Judith Butler at Occupy Wall Street
Here – with thanks to Philip Hager and Marilena Zaroulia for bringing this to my attention – is Judith Butler talking at Occupy Wall Street in October 2012, voicing support and solidarity.
Apart from hearing a small crowd of people shouting ‘I’m Judith Butler’, this speech seems interesting for several reasons. It’s first of all a neat example of a range of strategies used by protest and group movements, including the human microphone (see Wikipedia here http://en.wikipedia.org/wiki/Human_microphone ) and the use of hand gestures as a way of communicating without disrupting (see, for example, http://occupydesign.org/gallery/designs/occupy-hand-signals ).
Further, thinking about these conventions and behaviours (which have histories stretching back well before Occupy) in relation to Judith Butler and her work on bodies and performativity – and in relation to the words of her support here, too – opens up a couple of avenues for thinking about the performance of consent and dissent. Butler, here, is supporting the call for a politics of the public body, and the delivery, transmission and reception of her words enacts and bears out this call in various small but significant ways.
The human microphone doesn’t just allow a large group of people to hear a speaker when other technology is either absent or outlawed, though these are of course its primary uses – it also engages the body and the breath. (It also, of course, does things to pace – the length of phrase that can be spoken, and repeated, effectively – slowing things down slightly to make sure that they are heard and transferred.) The twinkling fingers which ‘voice’ support and agreement without interrupting the speaker or preventing others from hearing means encourages an individuated response to the words spoken; the collective voice can be responded to multiply.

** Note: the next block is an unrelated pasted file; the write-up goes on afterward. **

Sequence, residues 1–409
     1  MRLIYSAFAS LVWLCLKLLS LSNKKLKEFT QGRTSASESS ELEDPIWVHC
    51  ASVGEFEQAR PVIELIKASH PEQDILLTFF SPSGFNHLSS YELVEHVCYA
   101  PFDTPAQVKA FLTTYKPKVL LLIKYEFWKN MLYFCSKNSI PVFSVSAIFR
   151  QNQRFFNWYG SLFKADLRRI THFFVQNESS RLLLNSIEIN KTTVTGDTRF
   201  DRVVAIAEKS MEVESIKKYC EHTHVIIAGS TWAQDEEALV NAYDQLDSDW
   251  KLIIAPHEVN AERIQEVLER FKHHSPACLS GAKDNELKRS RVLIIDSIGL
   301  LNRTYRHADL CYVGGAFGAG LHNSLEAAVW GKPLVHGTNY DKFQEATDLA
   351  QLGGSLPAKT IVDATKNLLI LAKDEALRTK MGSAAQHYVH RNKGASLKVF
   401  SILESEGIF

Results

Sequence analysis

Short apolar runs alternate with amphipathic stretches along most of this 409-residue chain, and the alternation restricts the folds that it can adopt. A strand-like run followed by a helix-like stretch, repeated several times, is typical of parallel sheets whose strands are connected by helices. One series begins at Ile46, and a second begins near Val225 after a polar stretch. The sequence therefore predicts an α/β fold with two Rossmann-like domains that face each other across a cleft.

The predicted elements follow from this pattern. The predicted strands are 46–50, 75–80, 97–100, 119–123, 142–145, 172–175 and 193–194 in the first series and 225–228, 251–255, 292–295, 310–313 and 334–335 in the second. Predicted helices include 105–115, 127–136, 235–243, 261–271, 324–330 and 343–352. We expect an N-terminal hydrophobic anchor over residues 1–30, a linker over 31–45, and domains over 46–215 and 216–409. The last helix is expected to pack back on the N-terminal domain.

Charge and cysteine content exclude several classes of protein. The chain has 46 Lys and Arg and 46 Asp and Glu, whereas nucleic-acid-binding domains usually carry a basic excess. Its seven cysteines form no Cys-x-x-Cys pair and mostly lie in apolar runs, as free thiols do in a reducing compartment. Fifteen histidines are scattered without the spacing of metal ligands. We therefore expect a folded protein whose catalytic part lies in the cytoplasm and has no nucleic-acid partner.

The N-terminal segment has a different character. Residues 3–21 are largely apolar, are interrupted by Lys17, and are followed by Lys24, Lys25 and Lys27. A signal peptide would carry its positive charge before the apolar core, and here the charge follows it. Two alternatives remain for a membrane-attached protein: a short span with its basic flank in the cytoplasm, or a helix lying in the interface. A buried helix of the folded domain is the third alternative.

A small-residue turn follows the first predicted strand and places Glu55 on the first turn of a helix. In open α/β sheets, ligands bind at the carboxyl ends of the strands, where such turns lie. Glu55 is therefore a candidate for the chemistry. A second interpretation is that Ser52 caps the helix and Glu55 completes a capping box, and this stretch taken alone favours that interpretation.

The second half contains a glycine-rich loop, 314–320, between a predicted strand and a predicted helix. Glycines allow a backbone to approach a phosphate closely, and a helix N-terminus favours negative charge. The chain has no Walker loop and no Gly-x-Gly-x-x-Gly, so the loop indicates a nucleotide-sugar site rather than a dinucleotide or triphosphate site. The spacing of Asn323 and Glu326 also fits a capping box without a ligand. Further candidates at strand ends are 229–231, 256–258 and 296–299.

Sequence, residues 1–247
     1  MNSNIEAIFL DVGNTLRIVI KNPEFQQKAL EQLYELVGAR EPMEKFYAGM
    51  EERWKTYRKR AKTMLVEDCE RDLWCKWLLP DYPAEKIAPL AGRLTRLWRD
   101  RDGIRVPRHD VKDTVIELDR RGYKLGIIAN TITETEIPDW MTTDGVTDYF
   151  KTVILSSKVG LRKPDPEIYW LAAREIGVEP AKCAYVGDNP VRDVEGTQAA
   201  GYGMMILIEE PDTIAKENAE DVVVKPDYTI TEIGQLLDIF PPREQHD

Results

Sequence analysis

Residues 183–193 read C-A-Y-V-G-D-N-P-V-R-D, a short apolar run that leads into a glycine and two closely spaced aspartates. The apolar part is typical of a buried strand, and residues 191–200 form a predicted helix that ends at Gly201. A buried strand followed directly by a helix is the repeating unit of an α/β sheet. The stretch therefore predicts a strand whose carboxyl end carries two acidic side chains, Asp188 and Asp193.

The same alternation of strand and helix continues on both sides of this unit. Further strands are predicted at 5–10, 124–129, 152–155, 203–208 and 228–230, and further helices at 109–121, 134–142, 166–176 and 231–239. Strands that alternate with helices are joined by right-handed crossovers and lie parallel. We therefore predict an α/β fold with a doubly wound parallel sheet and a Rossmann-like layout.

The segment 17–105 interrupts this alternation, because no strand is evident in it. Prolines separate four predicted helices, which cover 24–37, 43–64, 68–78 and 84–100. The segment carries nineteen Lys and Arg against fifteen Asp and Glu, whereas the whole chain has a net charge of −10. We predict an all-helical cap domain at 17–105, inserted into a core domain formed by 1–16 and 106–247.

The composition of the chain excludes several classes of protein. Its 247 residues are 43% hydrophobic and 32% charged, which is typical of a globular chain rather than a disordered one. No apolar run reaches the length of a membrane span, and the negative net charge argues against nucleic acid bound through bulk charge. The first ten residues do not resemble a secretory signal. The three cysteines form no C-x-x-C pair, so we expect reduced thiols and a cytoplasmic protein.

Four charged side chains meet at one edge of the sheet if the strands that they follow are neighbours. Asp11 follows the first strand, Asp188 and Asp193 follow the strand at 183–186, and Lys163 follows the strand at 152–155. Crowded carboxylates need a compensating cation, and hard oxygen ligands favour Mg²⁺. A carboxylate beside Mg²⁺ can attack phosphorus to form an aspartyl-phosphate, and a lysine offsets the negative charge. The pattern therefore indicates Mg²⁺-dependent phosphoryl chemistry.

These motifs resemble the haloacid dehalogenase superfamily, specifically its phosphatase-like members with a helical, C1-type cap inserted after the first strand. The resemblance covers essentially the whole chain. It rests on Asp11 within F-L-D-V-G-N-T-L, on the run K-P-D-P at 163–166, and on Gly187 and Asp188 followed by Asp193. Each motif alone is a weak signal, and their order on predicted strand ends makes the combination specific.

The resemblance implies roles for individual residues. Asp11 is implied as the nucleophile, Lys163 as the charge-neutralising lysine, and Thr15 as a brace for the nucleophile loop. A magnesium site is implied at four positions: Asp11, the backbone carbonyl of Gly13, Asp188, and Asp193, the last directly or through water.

When Butler points out – as much of her recent work has repeatedly emphasised – that, as bodies ‘we require one another’, there’s no irony in the fact that her body’s voice needs those around it to amplify it. ‘It matters that,’ she says, and the group of people in front of her echo her, ‘as bodies, we arrive together in public’. Butler’s work, of course, has consistently and influentially engaged with the multiple valences and possibilities of enactment and re-enactment, and the ways in which the repetition of discourse, frameworks, and behaviours can both solidify and also shape (whether in normative or subversive ways) the material realities of the world. This work, and this understanding, looms large behind her assertion here, that Occupy might be attempting – time and again – to be both the ‘movement’ and the ‘voice’ of a politics of the public body, and her conclusion, that this gathering together is ‘Enacting the phrase, “we the people”.’ Gathered in public, finding ways of being together that are collective without erasing difference, and enabling communication – the gestures and behaviours around this are, even at their most particular and quiet (look at the fingers), affecting and effective.